One of the commonest experiences of the believer who sets himself to read right through the Bible – and unless we do this in a systematic manner we implicitly deny God's right to speak to us in every part of His Word – is the difficulty faced in the middle of the Pentateuch. "I enjoyed Genesis", said a young friend, "because it's packed with good stories, and so is Exodus, although the tabernacle details became a bit too technical for me. But I got completely stuck in Leviticus with all those offerings".
Now, there is no shame in admitting that this particular book is tough. Even the title is slightly off-putting ("Pertaining to the Levites") and indeed somewhat misleading as the rules relate largely to the entire people of Israel. It was written nearly four thousand years ago to a nation just rescued from slavery to become God's special representatives on the earth. In order to protect them from the spiritual contamination of neighbouring pagans He gave them instructions about worship and behaviour. For example, Leviticus chapter 11 records their unique dietary code, which banned the eating of pork products and shellfish. This taught Israel the importance of separation. Lest anyone assume that saved people today are therefore debarred from the delights of smoked bacon for breakfast or prawn sandwiches for lunch, the New Testament teaching is beautifully direct.
Three passages make the point. First is the teaching of the Lord Jesus. Though "born under the law" (Gal 4.4, ASV) He anticipated its termination as a rule of life. In the course of demonstrating the inadequacy of Jewish ritual, He taught that neither our surroundings nor the food we eat defiles us – the problem is inside our own sinful hearts: "And he said to them, Then are you also without understanding? Do you not see that whatever goes into a person from outside cannot defile him, since it enters not his heart but his stomach, and is expelled? (Thus he declared all foods clean.)" (Mk 7.18-19, ESV). Mark (writing in inspired retrospect) recognized that the Lord's words effectively abrogated the food laws of Judaism. An incident in the Acts goes further. Peter is being prepared for an encounter with Gentiles thirsty for God's salvation: "And he became very hungry, and would have eaten: but while they made ready, he fell into a trance, And saw heaven opened, and a certain vessel descending unto him, as it had been a great sheet knit at the four corners, and let down to the earth: Wherein were all manner of fourfooted beasts of the earth, and wild beasts, and creeping things, and fowls of the air. And there came a voice to him, Rise, Peter; kill, and eat. But Peter said, Not so, Lord; for I have never eaten anything that is common or unclean. And the voice spake unto him again the second time, What God hath cleansed, that call not thou common" (Acts 10.10-16). By cancelling dietary restrictions which had kept the Jews scrupulously apart, the Lord now showed that the old barriers had come down and that Peter could freely associate with non-Jews.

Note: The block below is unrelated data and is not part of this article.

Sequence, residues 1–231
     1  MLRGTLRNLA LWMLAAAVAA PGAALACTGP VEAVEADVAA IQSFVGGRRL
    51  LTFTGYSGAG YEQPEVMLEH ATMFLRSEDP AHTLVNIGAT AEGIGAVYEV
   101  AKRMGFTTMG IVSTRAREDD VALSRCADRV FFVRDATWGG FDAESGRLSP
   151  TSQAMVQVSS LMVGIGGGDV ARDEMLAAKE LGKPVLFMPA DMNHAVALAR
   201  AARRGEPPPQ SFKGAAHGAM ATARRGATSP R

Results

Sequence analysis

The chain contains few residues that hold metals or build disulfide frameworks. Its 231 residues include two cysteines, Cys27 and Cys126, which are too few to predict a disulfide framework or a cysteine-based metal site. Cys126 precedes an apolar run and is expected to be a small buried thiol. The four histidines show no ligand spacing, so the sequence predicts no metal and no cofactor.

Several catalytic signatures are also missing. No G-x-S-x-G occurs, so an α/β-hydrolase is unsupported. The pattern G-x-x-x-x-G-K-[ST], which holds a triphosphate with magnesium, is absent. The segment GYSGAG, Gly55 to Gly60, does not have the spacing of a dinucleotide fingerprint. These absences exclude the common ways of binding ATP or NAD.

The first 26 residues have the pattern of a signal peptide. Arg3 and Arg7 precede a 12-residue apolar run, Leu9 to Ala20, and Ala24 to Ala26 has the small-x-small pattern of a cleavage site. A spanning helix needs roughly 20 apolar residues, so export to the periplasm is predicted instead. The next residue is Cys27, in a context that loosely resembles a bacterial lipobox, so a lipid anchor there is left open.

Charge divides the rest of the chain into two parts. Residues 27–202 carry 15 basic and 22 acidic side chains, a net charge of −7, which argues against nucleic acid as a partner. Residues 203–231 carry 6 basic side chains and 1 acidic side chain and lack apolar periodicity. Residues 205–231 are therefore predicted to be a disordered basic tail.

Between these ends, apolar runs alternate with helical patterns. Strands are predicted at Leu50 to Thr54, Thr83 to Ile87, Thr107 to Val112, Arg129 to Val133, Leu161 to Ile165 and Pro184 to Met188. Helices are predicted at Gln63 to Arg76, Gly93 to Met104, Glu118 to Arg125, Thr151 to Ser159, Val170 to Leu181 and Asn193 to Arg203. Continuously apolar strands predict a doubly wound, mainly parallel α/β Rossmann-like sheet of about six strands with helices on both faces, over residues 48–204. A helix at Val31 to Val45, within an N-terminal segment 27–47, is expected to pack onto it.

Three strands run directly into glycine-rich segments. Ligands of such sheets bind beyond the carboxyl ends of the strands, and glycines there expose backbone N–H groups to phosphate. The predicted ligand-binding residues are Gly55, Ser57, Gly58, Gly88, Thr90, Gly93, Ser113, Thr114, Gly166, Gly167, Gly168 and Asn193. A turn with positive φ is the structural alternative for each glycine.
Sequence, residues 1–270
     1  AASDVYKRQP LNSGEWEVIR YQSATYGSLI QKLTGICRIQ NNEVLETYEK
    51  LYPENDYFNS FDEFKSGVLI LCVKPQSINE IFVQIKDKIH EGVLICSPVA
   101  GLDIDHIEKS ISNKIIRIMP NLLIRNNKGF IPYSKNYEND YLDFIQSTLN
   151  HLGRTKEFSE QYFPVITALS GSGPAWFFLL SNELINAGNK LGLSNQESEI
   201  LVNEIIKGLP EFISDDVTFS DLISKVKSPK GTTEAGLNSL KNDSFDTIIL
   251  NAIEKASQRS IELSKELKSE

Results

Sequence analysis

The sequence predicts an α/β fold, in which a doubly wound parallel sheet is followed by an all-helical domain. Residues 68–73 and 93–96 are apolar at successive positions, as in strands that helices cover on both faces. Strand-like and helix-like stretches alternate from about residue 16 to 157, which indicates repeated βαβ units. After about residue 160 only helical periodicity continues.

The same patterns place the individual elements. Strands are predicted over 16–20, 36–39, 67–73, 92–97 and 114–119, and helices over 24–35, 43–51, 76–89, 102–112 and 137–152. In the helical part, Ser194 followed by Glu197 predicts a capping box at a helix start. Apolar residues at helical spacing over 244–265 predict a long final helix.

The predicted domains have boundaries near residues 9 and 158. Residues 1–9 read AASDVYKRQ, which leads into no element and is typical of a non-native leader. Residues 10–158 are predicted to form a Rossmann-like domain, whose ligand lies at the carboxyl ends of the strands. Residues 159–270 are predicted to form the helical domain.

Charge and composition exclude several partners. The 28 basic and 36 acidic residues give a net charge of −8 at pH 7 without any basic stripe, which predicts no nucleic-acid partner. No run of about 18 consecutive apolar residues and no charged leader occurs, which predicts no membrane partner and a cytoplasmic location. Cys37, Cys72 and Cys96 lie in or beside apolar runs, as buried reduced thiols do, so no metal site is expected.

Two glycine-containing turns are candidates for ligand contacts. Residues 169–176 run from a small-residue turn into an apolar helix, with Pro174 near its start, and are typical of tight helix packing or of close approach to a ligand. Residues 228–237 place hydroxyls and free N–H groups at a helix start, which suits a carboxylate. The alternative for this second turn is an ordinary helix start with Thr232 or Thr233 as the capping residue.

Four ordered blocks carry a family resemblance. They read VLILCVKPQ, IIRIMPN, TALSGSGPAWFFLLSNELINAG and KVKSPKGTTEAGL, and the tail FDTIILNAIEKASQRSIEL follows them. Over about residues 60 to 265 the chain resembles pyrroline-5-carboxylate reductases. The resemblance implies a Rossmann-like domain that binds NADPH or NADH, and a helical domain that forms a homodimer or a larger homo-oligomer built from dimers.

In case any doubt remains, Paul's first letter to Timothy clinches the matter. Responding to false teachers who sought to bring believers under ritualistic bondage (for man-made religion loves to impose rules so as to control people) Paul made it as clear as possible that saints of this dispensation can eat anything they fancy. Why? "For every creature of God is good, and nothing to be refused, if it be received with thanksgiving: For it is sanctified by the word of God and prayer" (1 Tim 4.4-5). We may freely eat and be grateful to God for His kindness.
But, if the Levitical laws do not relate directly to Christians, why then bother to read the book at all? Let me offer one simple reason (and you'll think of many others): if we are ignorant of Leviticus much of the New Testament will not make sense. Here are five examples.